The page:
8. 1 2 3 4 5 Raviv, Dan (1 March 2014). "U.S. pushing Israel to stop assassinating Iranian nuclear scientists". CBC News. Retrieved 10 February 2016.
  9. 1 2 Sridharan, Vasudevan (8 August 2015). "Israel hints at resuming assassinations of Iran nuclear scientists". International Business Times. Retrieved 8 February 2016.
  10. 1 2 3 Buchanan, Rose Troup (8 Aug 2015). "Israeli defence minister says he is 'not responsible' for lives of Iranian nuclear scientists following historic US-Iran deal". Independent. Retrieved 24 Apr 2016.
  11. 1 2 3 "Israel to Resume Assassinations of Iranian Nuclear Scientists?". ArutzSheva. 7 Aug 2015. Retrieved 24 Apr 2016.
  12. 1 2 3 4 "Tehran denies reports on scientist's "assassination"". Xinhua News Agency. 2007-02-05. Retrieved 2007-02-05.
  13. 1 2 3 4 5 Borger, Julia; Kamali Dehghan, Saeed (5 December 2010). "Covert war against Iran's nuclear aims takes chilling turn". The Guardian. Retrieved 7 February 2016.
  14. 1 2 3 4 5 Levs, Josh (11 January 2012). "Who's killing Iranian nuclear scientists?". CNN. Retrieved 12 February 2016.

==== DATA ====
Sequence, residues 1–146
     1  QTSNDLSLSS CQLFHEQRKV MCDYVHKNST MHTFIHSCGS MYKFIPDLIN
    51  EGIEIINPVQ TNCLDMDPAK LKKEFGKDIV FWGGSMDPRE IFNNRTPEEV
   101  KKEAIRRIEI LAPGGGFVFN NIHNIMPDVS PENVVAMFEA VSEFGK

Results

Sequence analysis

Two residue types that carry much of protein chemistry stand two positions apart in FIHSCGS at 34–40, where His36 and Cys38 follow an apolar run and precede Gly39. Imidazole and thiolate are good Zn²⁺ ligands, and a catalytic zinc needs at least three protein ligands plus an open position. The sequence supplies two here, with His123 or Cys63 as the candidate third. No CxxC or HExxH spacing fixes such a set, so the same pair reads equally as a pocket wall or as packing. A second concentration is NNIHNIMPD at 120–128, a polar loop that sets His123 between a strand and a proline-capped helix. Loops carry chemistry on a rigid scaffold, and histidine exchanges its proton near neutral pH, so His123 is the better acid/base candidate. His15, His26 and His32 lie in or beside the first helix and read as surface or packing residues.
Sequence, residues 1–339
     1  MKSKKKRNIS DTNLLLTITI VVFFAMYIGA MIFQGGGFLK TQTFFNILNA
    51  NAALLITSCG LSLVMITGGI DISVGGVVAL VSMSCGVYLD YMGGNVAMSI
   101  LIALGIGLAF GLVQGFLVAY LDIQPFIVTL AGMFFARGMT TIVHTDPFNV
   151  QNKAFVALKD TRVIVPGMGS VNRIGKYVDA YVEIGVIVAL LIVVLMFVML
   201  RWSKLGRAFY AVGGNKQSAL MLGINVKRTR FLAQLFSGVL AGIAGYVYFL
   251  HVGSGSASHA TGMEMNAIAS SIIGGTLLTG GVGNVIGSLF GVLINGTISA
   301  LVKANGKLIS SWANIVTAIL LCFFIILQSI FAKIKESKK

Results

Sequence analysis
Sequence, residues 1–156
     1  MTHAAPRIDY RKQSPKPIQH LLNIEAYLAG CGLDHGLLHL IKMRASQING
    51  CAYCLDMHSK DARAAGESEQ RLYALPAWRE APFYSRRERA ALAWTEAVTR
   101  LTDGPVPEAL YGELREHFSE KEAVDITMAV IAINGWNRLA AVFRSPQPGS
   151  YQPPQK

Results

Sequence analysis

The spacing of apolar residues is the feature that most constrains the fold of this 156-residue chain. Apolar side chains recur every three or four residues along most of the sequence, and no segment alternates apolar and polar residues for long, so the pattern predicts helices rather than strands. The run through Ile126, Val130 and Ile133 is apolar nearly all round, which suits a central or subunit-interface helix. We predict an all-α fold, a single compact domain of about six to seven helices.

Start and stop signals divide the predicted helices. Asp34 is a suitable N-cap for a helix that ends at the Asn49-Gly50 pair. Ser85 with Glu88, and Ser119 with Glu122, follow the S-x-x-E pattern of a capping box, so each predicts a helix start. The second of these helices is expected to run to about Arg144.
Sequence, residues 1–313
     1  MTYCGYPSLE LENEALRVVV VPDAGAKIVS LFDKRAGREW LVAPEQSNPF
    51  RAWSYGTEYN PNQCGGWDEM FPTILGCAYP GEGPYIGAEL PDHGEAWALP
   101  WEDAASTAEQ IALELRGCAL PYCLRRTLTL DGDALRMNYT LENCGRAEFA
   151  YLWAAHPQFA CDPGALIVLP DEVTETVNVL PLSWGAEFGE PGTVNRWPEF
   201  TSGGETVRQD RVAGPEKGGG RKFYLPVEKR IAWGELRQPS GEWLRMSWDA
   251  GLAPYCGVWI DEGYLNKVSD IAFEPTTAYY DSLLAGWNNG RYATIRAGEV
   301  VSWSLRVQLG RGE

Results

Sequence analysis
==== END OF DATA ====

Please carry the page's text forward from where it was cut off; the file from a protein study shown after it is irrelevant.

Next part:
15. 1 2 "Iranian nuclear physicist killed by Revolutionary Guard, not Israel, relative claims". The Jerusalem Post | Retrieved 13 March 2016.
  16. 1 2 "The Media Line". 30 September 2014. Archived from the original on 30 September 2014. Retrieved 13 March 2016.
  17. Staff writers (9 February 2012). "Israel's Mossad Trained Assassins of Iran Nuclear Scientists, Report Says". Haaretz. Retrieved 15 March 2016.
  18. 1 2 3 4 Burleigh, Michael (12 January 2012). "An informal addition to the laws of physics – don't work for Iran". The Telegraph. Retrieved 9 February 2016.
  19. Torbati, Yeganeh (6 August 2012). "Iran airs "confessions" in killings of nuclear scientists". Reuters. Retrieved 21 March 2016.
  20. Staff writers (22 February 2013). "Iran: Guarantee Rights of 'Terror' Suspects". Human Rights Watch. Retrieved 21 March 2016.
  21. Staff writers (1 April 2015). "Iran accuses Israel of killing nuclear scientists". i24news. Retrieved 11 February 2016.
  22. Haaretz (2 October 2014). "Sister of Murdered Iranian Nuclear Scientist Blames Revolutionary Guards – Not Israel". Haaretz. Retrieved 13 March 2016.
  23. "Israel didn't assassinate Iranian physicist in 2007 — Revolutionary Guard did, sister says". National Post. Retrieved 13 March 2016.
  24. "Iran accused of assassinating its own nuclear scientist". The Times of Israel. Retrieved 13 March 2016.